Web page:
So it turns out that the current nexus of postmodern rock and roll is a carpet warehouse in Catford. The inconspicuous shag palace, located on Rushey Green Road and called Dourofs, was the venue of choice when it came time to record the video for Dry Cleaning’s just released Unsmart Lady single.
The second clip to drop from New Long Leg, their much anticipated debut on the legendary 4AD label, it features the diminutive Eltham quartet locked in the store one damp night, addressing misogynistic etiquette and lopsided beauty standards on the shop floor, amidst the endless rolls of beige discounted underlay.
Mentored and recorded by the watchful eye of John Parish at Rockfield Studios last June, on opener Scratchcard Lanyard, an array of sprawling guitars (and by that we mean they rage and faint evoking Lee Ranaldo and Thurston Moore’s sloppily dynamic soloing on Sonic Youth’s The Sprawl) thrum and jolt together on the tense number beneath the sternly laconic inflections of front person Florence Shaw.
Bonding at art school with lead guitarist Tom Dowse, visual artist and picture researcher Shaw’s lyrics, on their Sweet Princess and Boundary Road Snacks and Drinks EPs from 2019, were seized from the comment sections of favoured ambient electronica tracks on YouTube. Here, redolent of Sneaks’ Eva Moolchan’s deadpan cadences, they appear to be drawn from random conversations and visual observations, a laconic Shaw delighting in the banality of oversharing.
Much as those initial self-releases bore the pent up discomforted claw marks of having being written and recorded, sardine like, in the cramped garage that belongs to bassist Lewis Maynard’s supportive mother, so the gravitas and anticipation of proper label attention is reflected across the expressive surface of this beguilingly mannered record. The protagonist of Scratchcard Lanyard, for example, has reached a stalemate in her life, not depressed but lacking structure, and so she now explores new creative avenues, such as ceramics, knitting and dancing in order to recapture some kind of self worth.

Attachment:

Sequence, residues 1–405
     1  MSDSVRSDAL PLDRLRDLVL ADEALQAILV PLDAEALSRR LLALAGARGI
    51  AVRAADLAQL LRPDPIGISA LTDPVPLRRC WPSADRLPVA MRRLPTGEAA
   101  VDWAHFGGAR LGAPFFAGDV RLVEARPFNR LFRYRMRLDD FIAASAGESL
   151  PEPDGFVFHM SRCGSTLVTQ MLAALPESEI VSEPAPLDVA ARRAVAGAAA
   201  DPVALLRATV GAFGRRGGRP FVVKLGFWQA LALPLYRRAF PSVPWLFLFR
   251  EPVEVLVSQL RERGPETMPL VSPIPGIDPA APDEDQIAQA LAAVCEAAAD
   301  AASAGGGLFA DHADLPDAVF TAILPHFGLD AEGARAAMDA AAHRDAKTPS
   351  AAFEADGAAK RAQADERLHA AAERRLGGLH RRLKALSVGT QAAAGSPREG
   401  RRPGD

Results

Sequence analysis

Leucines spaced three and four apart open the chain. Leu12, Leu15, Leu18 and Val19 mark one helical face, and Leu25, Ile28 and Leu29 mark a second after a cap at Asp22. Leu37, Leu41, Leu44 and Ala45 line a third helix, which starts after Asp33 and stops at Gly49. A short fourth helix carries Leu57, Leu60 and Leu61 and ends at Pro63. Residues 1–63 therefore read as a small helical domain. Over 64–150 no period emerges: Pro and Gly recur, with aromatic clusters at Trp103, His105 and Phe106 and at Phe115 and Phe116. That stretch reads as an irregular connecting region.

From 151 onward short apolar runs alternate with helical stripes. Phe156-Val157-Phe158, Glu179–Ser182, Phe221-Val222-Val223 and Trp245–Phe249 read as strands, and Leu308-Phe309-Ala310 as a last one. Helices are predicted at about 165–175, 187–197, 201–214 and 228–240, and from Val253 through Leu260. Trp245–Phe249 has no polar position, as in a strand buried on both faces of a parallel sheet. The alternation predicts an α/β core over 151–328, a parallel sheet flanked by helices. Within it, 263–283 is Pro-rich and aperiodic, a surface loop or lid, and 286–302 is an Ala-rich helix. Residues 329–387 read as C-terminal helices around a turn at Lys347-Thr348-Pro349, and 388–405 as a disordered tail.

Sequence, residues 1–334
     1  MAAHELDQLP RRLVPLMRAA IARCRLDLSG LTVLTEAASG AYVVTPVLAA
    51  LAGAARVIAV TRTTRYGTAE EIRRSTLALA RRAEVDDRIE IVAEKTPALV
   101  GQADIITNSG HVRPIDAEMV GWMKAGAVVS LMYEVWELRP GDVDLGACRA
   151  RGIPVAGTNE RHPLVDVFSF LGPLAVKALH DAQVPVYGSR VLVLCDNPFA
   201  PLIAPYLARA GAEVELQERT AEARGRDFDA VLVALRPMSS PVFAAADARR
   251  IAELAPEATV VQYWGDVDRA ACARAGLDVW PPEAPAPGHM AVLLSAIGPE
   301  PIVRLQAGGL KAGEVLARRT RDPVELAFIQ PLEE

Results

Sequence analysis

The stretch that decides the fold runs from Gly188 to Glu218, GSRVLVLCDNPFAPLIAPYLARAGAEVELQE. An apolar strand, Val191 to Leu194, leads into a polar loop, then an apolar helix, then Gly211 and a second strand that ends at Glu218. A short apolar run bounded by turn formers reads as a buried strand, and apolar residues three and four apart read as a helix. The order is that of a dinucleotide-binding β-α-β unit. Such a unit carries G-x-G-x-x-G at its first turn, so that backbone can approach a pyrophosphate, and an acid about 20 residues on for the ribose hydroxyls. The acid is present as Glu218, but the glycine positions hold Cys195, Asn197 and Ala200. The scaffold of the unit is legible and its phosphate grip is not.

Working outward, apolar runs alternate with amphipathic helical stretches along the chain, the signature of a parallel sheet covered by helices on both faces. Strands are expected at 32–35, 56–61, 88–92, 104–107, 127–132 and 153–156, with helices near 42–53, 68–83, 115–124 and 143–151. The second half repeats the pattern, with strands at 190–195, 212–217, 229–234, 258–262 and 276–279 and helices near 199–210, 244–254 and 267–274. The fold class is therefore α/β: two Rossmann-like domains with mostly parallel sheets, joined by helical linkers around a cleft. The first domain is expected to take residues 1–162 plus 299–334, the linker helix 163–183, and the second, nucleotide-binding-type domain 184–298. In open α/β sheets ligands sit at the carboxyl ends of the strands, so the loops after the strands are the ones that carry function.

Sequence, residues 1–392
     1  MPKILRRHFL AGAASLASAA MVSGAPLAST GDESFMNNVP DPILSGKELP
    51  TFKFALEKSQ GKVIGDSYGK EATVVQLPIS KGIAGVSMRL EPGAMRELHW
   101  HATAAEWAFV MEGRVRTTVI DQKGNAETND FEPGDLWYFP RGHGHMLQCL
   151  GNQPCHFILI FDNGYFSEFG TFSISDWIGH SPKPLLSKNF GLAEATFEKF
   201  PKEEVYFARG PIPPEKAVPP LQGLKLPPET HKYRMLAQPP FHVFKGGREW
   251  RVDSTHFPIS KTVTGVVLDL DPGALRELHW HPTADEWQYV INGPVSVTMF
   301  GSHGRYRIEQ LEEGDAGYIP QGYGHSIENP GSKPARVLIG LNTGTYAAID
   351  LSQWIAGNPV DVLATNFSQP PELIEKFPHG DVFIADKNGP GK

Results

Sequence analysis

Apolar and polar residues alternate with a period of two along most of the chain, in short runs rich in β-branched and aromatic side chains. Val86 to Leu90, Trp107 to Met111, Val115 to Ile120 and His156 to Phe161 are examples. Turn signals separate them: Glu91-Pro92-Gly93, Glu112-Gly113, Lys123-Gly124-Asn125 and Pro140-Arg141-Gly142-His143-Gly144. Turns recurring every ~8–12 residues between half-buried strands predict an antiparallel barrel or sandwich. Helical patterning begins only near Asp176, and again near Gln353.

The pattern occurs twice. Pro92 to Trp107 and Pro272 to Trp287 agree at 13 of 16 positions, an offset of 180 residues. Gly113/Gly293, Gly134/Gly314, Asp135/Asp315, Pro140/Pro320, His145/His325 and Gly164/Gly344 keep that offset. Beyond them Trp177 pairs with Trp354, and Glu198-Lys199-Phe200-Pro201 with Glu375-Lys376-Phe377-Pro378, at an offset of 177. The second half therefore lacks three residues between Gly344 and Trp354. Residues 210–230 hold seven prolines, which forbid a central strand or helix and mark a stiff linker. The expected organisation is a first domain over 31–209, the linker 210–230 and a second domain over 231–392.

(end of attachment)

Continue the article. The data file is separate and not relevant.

A postmodern Jeanne Dielman, she innocuously daydreams of eating hotdogs on Strong Feelings, curses having to clean the grill pan on Leafy, and on the titular New Long Leg she wonders rhetorically if there will be a hairdryer or shampoo provided on the forthcoming cruise holiday she’s booked. Then on John Wick, named for the rapidly diminishing Keanu Reeves cinematic franchise, she remarks on the revamped Antiques Roadshow, cites urinary mishaps in her local Sainsbury’s and admits to lusting after men she sees in stock photos.
Spellbound by her near comatose delivery, the majority of the didactic record wrestles with skeptical alienation and successively tense first-person behaviours. Articulating those doubts gets tougher by the time they reach the sunny More Big Birds, its puzzled narrator giving up and giving in to a stream of da da da’s for its limply hung chorus. The shifting smudges of feedback that annihilate closing track Every Day Carry finds them exercising their collective muscle one last time. Displacing the emotional in favour of engagingly tenuous perspectives, this precariously magnetic album, much like the contents of Dourofs, will absolutely floor you.